Mary’s main course from the set menu was, remarkably for such a traditional bistro, vegetarian: Julienne rôtie sauce vierge, a bed of thin-cut roasted vegetables, with other conventionally boiled vegetables on the side, which she found delicious. I had a taste, but my attention was centered on my incredible estouffade. Wanting to be certain that we could face a full dinner that evening, we decided to forego dessert. The bill for this modest but excellent feast: an equally modest 44€.

    As we left, Mary suggested that we return for lunch the following day, a thought that had already crossed my mind and with which I readily concurred. Arriving shortly after opening, we were greeted by the same waiter as though we were regulars. He showed us to the same table and when I suggested that our names should be inscribed there on a plaque, he agreed with a chuckle.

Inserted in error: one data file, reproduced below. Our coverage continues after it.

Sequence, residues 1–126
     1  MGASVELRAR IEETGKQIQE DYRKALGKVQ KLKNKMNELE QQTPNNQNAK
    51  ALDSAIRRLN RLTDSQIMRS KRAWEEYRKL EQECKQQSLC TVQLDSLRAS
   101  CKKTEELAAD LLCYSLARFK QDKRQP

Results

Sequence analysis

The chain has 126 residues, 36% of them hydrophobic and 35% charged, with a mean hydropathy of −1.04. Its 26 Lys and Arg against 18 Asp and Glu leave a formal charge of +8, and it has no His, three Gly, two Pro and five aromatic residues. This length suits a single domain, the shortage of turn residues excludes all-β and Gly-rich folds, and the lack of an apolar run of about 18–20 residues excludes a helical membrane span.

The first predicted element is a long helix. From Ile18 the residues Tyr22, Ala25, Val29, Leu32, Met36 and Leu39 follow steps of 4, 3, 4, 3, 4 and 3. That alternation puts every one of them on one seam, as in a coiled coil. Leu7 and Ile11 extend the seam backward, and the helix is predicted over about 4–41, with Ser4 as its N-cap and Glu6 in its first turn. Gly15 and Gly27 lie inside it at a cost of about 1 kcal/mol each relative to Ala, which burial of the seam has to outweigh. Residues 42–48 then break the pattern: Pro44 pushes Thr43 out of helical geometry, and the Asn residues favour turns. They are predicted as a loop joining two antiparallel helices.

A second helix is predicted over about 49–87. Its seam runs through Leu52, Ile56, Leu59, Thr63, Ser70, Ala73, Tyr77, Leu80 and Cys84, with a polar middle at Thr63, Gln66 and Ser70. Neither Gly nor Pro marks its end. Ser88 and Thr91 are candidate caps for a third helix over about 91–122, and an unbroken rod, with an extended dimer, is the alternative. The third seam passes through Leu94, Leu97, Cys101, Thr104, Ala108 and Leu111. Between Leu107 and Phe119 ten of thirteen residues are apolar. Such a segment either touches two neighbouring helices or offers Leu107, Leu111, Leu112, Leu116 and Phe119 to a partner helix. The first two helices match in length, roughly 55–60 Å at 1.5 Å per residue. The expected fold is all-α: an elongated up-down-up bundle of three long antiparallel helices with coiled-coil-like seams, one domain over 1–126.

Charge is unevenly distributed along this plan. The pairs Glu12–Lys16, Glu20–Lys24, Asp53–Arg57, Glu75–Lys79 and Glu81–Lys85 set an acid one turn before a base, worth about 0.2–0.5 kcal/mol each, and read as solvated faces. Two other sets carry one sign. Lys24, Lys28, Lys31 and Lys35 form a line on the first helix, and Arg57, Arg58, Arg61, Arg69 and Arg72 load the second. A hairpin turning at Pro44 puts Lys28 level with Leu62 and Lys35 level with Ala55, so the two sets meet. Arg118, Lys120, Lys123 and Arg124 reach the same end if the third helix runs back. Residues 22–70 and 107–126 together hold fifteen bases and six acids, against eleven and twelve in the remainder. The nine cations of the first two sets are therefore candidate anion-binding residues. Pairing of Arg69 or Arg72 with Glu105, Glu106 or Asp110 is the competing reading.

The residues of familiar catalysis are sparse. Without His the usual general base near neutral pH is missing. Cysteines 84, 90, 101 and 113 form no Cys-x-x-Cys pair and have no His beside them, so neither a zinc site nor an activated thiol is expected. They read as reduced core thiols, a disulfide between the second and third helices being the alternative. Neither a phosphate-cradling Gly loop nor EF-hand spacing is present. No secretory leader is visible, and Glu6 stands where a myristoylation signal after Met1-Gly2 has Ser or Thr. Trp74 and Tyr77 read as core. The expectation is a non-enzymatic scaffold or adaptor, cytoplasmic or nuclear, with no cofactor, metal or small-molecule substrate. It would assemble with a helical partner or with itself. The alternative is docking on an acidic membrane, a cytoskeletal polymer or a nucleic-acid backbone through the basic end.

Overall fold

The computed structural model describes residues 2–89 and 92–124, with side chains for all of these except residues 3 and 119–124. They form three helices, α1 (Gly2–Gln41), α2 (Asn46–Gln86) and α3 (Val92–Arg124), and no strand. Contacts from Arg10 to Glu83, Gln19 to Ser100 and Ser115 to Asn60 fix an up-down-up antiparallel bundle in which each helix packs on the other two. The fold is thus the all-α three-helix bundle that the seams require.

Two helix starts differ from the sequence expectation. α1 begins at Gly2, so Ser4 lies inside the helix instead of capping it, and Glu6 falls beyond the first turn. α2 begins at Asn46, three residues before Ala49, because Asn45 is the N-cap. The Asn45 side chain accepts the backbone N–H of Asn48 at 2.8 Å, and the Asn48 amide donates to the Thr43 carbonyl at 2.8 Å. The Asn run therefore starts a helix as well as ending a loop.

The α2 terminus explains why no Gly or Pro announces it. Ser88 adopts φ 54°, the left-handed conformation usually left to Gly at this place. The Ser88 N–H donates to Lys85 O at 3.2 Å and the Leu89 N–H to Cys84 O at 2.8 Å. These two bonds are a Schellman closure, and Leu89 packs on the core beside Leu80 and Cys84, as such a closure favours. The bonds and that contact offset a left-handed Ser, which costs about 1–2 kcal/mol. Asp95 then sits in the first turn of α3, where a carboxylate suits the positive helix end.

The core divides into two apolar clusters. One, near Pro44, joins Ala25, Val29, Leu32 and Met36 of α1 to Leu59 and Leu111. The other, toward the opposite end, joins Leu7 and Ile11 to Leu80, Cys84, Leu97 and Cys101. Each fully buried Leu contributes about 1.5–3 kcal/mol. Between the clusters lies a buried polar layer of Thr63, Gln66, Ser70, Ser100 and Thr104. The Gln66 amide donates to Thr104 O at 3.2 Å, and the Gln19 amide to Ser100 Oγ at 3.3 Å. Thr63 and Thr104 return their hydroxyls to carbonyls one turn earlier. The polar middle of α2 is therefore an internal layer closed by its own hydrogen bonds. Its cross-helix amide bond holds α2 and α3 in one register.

This being a Saturday, there was no set menu, so we happily consulted the carte. My immediate first choice was the intriguing Andouille d’escargot, which proved to be a dozen snails, not in their shells but roasted on a bed of chopped sausage in a rich tomato sauce – not something I had encountered before, and quite delicious. Mary’s Asperges vinaigrette was cold and of the continental white variety, which those who are used to hot English green asparagus often find disappointing.

    For a main course we both chose that old cliché, Confit de canard avec pommes à l’ail. Warhorse it may have been, but it was an inspired performance. The confit was crispy-skinned, the meat within of a tenderness and succulence that could have been consumed by a toothless grandsire. A half-bottle of moulin a vent at 13€ lubricated it nicely.